International students face uncertainty about future education in U.S.

ASHLAND, Ore.– Over a million international students in the United States could be forced out of the country in the coming months.

The looming threat comes after the Trump administration released a new policy this week through ICE. It outlines that any international students studying fully online must leave the country.

For students like 25-year-old Yan Gomberg, coming to the U.S. was always a dream and an opportunity to grow.

“I’ve always wanted to have an experience abroad,” he said. “Plus the idea of being a student-athlete is very unique here in the U.S.”

Gomberg plays for the Southern Oregon University soccer team while also studying for a degree. He says in Brazil you either have one or the other, very rarely do Brazilian kids get a chance to have both. Since 2018, Gomberg has been working to get his degree which he hopes to receive by December.

“Coming back home with an American diploma and an American degree, having this experience of living abroad – that puts you on a different level,” he said.

However, on Monday the Trump administration released its new policy for international students. Any international student studying fully online must leave the country or face immigration consequences.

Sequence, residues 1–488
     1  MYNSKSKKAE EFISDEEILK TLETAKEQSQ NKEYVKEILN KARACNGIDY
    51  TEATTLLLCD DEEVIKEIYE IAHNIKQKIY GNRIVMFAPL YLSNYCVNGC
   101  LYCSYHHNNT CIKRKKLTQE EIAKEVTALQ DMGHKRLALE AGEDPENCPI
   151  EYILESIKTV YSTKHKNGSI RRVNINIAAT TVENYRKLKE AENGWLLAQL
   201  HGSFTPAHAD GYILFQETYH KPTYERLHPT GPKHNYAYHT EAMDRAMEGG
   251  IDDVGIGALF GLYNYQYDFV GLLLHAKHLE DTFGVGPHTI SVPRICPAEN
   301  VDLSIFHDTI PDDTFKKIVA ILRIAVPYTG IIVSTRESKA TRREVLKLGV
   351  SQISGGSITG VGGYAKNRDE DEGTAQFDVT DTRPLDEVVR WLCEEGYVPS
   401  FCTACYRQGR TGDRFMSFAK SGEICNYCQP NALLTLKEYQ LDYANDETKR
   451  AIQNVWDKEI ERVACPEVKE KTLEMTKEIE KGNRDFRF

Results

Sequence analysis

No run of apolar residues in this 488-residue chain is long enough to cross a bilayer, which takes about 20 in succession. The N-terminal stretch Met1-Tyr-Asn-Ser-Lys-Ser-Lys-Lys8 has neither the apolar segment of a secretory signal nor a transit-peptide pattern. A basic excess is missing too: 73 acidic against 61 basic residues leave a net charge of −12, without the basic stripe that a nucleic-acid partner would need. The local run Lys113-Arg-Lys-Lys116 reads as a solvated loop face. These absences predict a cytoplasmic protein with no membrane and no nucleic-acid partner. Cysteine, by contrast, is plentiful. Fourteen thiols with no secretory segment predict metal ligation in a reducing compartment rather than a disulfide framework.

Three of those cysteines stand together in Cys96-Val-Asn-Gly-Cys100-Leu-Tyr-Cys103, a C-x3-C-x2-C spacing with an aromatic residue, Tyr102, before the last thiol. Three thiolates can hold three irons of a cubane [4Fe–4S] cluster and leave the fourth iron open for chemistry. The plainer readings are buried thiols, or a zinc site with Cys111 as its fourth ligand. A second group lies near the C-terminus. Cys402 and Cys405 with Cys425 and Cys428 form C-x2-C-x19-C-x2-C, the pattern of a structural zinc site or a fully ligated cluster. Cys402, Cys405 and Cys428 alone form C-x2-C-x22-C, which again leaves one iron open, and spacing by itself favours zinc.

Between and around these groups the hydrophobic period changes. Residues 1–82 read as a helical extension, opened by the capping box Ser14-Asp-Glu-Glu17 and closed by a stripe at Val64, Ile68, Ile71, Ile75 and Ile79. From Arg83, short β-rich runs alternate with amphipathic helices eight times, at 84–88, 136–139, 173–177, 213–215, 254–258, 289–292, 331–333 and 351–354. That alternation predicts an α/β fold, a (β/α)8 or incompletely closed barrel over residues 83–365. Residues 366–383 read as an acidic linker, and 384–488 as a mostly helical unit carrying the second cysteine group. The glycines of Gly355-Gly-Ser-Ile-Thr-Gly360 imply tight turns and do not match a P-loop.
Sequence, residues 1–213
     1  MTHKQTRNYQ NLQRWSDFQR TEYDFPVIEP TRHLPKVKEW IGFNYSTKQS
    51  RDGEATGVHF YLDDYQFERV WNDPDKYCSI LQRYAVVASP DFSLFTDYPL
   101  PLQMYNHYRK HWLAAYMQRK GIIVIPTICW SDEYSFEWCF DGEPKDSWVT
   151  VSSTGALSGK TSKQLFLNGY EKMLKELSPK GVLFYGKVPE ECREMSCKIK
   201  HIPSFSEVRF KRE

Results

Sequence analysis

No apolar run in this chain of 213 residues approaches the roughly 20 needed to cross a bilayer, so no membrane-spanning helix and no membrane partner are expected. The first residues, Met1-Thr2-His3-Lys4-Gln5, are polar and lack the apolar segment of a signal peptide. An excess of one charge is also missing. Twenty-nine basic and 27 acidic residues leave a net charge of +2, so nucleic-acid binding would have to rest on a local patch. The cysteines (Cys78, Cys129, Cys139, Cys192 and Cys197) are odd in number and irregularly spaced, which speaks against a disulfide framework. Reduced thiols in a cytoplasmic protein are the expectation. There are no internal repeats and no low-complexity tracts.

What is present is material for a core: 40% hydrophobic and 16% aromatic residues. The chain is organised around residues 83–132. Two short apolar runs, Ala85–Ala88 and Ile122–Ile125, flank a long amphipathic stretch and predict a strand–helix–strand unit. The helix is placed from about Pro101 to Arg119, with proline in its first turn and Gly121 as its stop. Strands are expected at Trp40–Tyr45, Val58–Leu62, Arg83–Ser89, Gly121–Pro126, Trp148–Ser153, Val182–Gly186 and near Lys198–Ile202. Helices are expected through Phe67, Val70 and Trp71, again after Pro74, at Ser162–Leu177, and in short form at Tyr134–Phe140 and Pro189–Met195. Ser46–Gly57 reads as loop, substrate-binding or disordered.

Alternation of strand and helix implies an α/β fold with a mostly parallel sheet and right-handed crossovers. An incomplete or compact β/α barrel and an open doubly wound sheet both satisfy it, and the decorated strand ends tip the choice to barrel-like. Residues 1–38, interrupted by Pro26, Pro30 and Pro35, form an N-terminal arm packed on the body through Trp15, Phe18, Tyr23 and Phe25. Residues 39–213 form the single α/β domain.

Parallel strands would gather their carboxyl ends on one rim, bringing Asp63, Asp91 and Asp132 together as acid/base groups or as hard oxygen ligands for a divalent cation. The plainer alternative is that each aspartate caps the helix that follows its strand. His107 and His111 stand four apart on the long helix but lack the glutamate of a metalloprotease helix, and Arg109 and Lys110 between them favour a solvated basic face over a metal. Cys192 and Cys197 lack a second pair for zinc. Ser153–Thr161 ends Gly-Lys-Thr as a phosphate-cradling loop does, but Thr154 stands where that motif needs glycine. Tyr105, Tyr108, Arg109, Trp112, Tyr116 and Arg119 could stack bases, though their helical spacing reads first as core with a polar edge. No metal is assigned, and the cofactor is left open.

Universities and defendants of international students argue there’s a great risk by sending them back home from instability, lack of infrastructures to help them get online, and even COVID-19 itself which is continuing to rapidly spread in countries like Brazil.

While this policy is new, ICE has had a long-standing policy preventing foreign students from living in the states while only participating in online education. It was put aside as schools shut down for the COVID-19 pandemic.

Several universities have filed a suit for a temporary restraining order on the policy. But students like Gomberg aren’t feeling positive about their chances. He says if SOU moves to a hybrid model for the fall, with classes offered part-time online part-time person, he may get to stay. That still all depends on COVID-19.

“You bring all these people coming from hot spots, Seattle, Portland – we have a lot of students from those areas – California, Bay Area. I think it’ll be very tricky,” he said.

Gomberg is still holding out hope that something will change in the coming weeks but he’s mostly been left with a mix of feelings and uncertainty.

“It’s just, it’s just cruel you know,” said Gomberg. “I’ve never not paid for school. I’ve never done anything wrong. I feel completely disposable, it’s just so easy for them to say you gotta get out.”

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